Saving for the future
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Saving for the Future. Personal Finance Chapter 10. Saving for the Future Lesson 10.1 P. 243 #1. Why do you need to start saving now to cover long-term needs? Long-term needs require a lot of money Homeownership – thousands of dollars for a down payment

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Saving for the Future

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Saving for the future

Saving for the Future

Personal Finance

Chapter 10


Saving for the future lesson 10 1 p 243 1

Saving for the FutureLesson 10.1 P. 243 #1

Why do you need to start saving now to cover long-term needs?

  • Long-term needs require a lot of money

  • Homeownership – thousands of dollars for a down payment

  • Parents save to fund the education of their children

  • Successful retirement means having money in addition to social security and pensions


Saving for the future lesson 10 1 p 243 2

Saving for the Future Lesson 10.1 P. 243 #2

Explain how compounding interest makes your savings grow.

  • Compound interest is interest computed on the original principal plus accumulated interest at specific time intervals

  • The more often interest is compounded, the more money you earn

  • An account that is compounded monthly will earn more money than one compounded annually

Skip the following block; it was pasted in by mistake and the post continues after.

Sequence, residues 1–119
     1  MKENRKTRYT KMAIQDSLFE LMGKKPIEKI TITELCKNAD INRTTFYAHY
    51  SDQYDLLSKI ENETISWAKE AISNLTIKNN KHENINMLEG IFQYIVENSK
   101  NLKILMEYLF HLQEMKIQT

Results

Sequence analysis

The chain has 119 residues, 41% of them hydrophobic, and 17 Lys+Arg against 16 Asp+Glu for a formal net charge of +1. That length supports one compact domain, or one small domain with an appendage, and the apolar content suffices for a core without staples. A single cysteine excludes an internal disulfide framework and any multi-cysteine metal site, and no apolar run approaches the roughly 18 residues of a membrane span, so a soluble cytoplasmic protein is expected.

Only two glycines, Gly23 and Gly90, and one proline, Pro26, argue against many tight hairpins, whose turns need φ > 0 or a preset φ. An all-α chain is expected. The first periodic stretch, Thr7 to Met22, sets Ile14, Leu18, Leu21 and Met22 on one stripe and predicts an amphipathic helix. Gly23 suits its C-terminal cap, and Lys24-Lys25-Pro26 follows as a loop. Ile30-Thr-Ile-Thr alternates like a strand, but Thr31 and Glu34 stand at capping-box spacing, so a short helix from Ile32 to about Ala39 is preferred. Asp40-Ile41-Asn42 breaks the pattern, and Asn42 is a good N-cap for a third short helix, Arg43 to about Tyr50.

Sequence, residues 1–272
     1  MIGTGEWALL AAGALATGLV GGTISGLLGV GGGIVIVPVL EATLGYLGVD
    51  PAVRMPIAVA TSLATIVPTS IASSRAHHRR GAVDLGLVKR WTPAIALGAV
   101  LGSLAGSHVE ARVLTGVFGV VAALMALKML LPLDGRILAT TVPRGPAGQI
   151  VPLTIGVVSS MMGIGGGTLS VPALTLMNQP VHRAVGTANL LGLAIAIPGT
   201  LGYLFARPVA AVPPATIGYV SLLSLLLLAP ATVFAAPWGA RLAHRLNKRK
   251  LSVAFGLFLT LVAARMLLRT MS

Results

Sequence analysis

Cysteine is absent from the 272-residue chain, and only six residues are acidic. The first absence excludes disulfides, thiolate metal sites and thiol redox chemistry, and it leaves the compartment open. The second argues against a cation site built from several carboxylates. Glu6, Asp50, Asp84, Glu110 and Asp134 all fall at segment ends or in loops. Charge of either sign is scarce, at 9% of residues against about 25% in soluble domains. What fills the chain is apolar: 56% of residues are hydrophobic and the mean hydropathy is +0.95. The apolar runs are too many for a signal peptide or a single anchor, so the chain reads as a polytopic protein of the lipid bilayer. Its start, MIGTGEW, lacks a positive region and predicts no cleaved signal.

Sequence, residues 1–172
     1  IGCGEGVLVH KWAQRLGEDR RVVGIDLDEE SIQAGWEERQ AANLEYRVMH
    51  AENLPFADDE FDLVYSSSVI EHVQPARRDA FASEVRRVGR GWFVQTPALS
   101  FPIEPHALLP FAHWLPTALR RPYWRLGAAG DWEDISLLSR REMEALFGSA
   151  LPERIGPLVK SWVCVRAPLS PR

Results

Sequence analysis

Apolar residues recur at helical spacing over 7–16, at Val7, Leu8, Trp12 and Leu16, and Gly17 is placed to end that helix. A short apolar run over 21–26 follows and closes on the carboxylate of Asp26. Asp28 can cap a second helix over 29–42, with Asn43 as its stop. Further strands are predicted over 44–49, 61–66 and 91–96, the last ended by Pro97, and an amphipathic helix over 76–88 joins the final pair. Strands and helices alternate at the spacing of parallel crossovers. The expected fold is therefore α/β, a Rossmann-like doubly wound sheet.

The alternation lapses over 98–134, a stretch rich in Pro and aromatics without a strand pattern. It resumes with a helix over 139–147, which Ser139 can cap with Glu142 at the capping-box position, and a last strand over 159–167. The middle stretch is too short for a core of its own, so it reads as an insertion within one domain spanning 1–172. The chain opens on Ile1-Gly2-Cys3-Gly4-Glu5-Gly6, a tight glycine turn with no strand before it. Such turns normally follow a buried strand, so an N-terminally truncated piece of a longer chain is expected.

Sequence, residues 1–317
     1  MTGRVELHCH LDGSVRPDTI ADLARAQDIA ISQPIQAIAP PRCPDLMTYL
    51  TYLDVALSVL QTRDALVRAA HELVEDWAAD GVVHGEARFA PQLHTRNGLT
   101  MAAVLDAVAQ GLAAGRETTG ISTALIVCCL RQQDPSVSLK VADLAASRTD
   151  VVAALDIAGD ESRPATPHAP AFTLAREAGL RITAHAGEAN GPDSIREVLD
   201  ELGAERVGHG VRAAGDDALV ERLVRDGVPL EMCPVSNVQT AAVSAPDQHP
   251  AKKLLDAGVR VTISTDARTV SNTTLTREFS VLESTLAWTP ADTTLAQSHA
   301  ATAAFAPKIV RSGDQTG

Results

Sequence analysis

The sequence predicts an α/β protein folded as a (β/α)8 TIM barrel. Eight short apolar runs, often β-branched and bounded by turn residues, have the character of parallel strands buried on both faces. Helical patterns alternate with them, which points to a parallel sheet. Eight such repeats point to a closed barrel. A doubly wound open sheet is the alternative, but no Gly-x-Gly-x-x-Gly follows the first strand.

Saving for the future lesson 10 1 p 243 3

Saving for the Future Lesson 10.1 P. 243 #3

How can you compare interest rates on accounts that compound differently?

  • Federal law requires financial institutions to tell consumers the annual percentage yield (APY) on their accounts

  • Compare APYs on different accounts to decide which account will yield the most earnings annually


Saving for the future lesson 10 2 p 248 1

Saving for the Future Lesson 10.2 P. 248 #1

Explain how a savings account is more liquid that a certificate of deposit.

  • A savings account allows you to withdraw money quickly without loss of value

  • A certificate of deposit earns interest for a fixed period of time, there is a penalty if you withdraw money from the account prior to predetermined time


Saving for the future lesson 10 2 p 248 2

Saving for the Future Lesson 10.2 P. 248 #2

To earn a higher interest rate, what tradeoff will you likely have to make?

  • The tradeoff for a higher interest rate is that access to your money is more restrictive, less liquid


Saving for the future lesson 10 2 p 248 3

Saving for the Future Lesson 10.2 P. 248 #3

In what way is the interest paid on a money market account different from interest paid on a regular savings account?

  • Saving accounts earn interest at a fixed rate

  • Money market accounts earn interest based on the stock market, which means the interest goes up and down


Review facts and ideas p 252

Review Facts and IdeasP.252

  • Explain several reasons why you should save.

    Short-term

    Emergencies, vacations, social events, major purchases

    Long-term

    Home ownership, education, retirement, investing


Review facts and ideas p 2521

Review Facts and IdeasP. 252